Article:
Translation:My last name is Wang, and yours?
This sentence can be written in several ways in English. Here are the possible word changes:
- My (lastname / surname / family name) is Wang. (And yours / What about yours / how about yours)?
Having these options already available before the beta was released just shows how hard the Chinese Duo team worked to make their course amazing for beta testers. Still blown away by the great work done on this course.
Could someone tell me the difference between "ni ne" and "shen me"? (Not sure I spelled the pinyin correctly.)
Excuse me for plugging. I scrolled down but there are too many redundant comments that this would have no hope of seeing the light of day if I don't comment under here. (People complain in the comments too much.)
To my understanding, certain nouns don't need the possessive marker "的 (de)", because of how inseparable (be it by lineage or bodily attachment) the subject is to it. This same structure occurs with "我妈妈 (wǒ māma)", "my mother".
"My last name is Wang" may be grammatically correct, but it's rather unidiomatic. That's not the way people introduce themselves. In a formal context they would say something like "My name is Bond" or, slightly less formal, " My name is James Bond" or "I am James Bond". In an informal context you would probably say "I'm James". "My last name is Bond, my first name is James" sounds very awkward. " My name is Wang" should be accepted as a correct answer.
"I'm surnamed Wang" should be accepted, since "surnamed" can act as a past participle verb in English, much like "I'm named Ken, after my father" would work. https://en.wiktionary.org/wiki/surnamed The following are several answers I've submitted on questions like these: "My last name is Wang" = 20 characters [accepted answer, not very concise] "My surname's Wang" = 17 characters [accepted answer, but says "you missed a space" since the "'s" on surname is thought to have been a typo of "surname is" -- although contracting nouns in this way is grammatically correct] "I'm surnamed Wang" = 17 characters [marked incorrect]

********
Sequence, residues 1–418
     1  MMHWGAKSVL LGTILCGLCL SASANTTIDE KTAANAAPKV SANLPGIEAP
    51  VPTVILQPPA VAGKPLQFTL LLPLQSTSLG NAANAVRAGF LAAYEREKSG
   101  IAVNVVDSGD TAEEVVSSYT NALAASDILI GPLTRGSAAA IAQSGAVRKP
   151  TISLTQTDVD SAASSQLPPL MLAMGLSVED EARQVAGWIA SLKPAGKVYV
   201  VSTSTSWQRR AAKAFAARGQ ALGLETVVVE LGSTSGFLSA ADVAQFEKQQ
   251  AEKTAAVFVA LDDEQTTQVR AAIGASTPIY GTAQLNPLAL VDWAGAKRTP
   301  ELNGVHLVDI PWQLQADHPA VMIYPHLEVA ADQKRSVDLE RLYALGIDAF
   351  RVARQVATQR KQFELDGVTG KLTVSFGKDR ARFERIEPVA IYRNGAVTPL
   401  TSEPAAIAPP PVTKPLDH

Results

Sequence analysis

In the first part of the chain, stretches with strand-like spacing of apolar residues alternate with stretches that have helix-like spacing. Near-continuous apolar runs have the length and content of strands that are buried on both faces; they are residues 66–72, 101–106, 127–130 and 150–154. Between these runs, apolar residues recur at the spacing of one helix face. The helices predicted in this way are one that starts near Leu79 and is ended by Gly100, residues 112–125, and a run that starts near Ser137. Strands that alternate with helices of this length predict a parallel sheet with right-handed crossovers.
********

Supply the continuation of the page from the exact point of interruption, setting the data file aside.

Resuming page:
Sorry to bore folks with the details -- I just thought it could be useful to Duolingo staff.
@Tony - yes. Once we know the meaning of 你呢 (which is Duo's actual job), then its totally up to us to extrapolate within English to obtain/create/innovate/get as many variants/synonyms/possibilities as we want/wish/can aim for/possibly can/need/can manage/know of...... That's what I personally think :-)
@XOld - If I'm learning Russian through English and you give me a Russian sentence meaning "My name is Vladimir, what's yours"?, and my response is "I meet Vladimir, who are you?" then you'll conclude that I have learnt the Russian sentence correctly...
Because your focus is not on my English. Is that right?
If not, how will you decide when do I correctly understand the Russian but just made a mistake in English (I'm not from England or the US), and when do I genuinely misunderstand the Russian and write my wrong understanding in error-feee English?